The Levanzo I Wreck, Sicily: a 4th-century AD merchantman in the service of the annona?

The Levanzo I Wreck, Sicily: a 4th-century AD merchantman in the service of the annona?

By Jeffrey G. Royal and Sebastiano Tusa

International Journal of Nautical Archaeology, Volume 41, Issue 1 (March 2012)

Abstract: Between 2005 and 2009 a deep-water shipwreck was located, mapped, and partially excavated by a joint team from RPM Nautical Foundation and the office of the Soprintendenza del Mare, Sicily. Located off Levanzo Island, one of the Egadi Islands off north-west Sicily, this wrecked merchantman revealed a mixed cargo of foodstuffs, coarseware, glass, and construction materials. The nature of the wreck-site, its cargo, operational date, and find-location indicate its likely association with the annona service which supplied Rome.

Excerpt: The Levanzo I shipwreck provides insight into a fundamental component of the Roman annona system in the 4th century: individual merchant-ship cargos. The annona was a redistribution system of grain and oil collected as an in-kind tax within provinces and shipped to population centres, primarily the capital(s), and select military posts. As an important measure to avert famine in Rome, the annona was overseen by aediles during the Republic and by a praefectus annonae during emergencies. Augustus later formed the cura annonae and made the praefectus annonae a permanent appointment. The primary resource areas for the annona were North Africa and Egypt. Not only does this wreck-site reflect the types of goods moving from North Africa towards Rome, but the nature of the site also provides evidence for the wider system of Mediterranean trade-routes, and the varied cargoes on merchantmen operating within these networks, and potentially for shipments within the annona, as well as for types of secondary cargoes.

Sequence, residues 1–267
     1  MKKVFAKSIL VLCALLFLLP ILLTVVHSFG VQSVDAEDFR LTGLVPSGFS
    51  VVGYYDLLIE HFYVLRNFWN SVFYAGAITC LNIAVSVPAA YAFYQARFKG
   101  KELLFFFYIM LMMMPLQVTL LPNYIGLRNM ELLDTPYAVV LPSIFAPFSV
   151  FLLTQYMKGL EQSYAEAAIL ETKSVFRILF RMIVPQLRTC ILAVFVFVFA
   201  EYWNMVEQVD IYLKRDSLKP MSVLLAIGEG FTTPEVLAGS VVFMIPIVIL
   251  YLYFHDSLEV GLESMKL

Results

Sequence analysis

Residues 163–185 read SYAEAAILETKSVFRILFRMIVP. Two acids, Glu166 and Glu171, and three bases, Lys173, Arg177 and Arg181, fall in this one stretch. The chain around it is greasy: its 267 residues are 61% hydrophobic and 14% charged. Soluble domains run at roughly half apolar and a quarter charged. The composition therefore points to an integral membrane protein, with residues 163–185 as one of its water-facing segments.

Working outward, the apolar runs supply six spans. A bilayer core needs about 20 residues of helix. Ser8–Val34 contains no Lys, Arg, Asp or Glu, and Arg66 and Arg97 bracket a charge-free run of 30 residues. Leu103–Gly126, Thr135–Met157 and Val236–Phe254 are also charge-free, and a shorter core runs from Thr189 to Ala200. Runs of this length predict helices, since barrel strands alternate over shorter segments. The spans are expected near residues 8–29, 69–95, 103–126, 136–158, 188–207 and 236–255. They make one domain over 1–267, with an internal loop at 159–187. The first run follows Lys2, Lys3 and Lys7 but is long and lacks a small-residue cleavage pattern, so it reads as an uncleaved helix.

Many, if not most, of the merchantmen plying the Italy-North Africa routes during the 3rd to 4th centuries were in the annona service. Grain and oil were the two primary foodstuffs shipped within the annona system, and were also commodities purchased from private suppliers outside it. Although wine and fish products were often shipped alongside grain and oil they were not goods directly collected as a tax within the annona system; but they were in high demand in the markets of Rome as well as other densely-populated areas of Italy, and were components of military provisions. As such the products shipped in amphoras were often secondary in proportion to the grain cargo carried out of North African regions such as Mauritania, which assuredly was the case for many shipments originating in Africa Proconsularis as well.

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